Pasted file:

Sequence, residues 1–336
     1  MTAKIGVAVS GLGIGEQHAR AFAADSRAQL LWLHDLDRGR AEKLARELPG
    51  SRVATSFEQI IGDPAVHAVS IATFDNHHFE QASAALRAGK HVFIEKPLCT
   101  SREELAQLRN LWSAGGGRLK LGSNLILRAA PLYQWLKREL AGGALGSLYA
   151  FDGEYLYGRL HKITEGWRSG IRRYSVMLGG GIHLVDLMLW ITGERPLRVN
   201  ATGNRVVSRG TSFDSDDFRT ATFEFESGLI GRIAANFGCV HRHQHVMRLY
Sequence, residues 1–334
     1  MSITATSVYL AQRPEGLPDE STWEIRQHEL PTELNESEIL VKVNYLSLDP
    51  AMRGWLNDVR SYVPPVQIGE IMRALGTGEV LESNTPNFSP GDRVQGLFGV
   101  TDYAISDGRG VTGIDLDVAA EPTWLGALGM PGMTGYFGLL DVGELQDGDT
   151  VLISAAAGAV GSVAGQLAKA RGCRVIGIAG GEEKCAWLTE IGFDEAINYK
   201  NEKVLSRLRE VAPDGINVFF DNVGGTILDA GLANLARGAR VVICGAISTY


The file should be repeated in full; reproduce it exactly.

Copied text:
Sequence, residues 1–336
     1  MTAKIGVAVS GLGIGEQHAR AFAADSRAQL LWLHDLDRGR AEKLARELPG
    51  SRVATSFEQI IGDPAVHAVS IATFDNHHFE QASAALRAGK HVFIEKPLCT
   101  SREELAQLRN LWSAGGGRLK LGSNLILRAA PLYQWLKREL AGGALGSLYA
   151  FDGEYLYGRL HKITEGWRSG IRRYSVMLGG GIHLVDLMLW ITGERPLRVN
   201  ATGNRVVSRG TSFDSDDFRT ATFEFESGLI GRIAANFGCV HRHQHVMRLY
Sequence, residues 1–334
     1  MSITATSVYL AQRPEGLPDE STWEIRQHEL PTELNESEIL VKVNYLSLDP
    51  AMRGWLNDVR SYVPPVQIGE IMRALGTGEV LESNTPNFSP GDRVQGLFGV
   101  TDYAISDGRG VTGIDLDVAA EPTWLGALGM PGMTGYFGLL DVGELQDGDT
   151  VLISAAAGAV GSVAGQLAKA RGCRVIGIAG GEEKCAWLTE IGFDEAINYK
   201  NEKVLSRLRE VAPDGINVFF DNVGGTILDA GLANLARGAR VVICGAISTY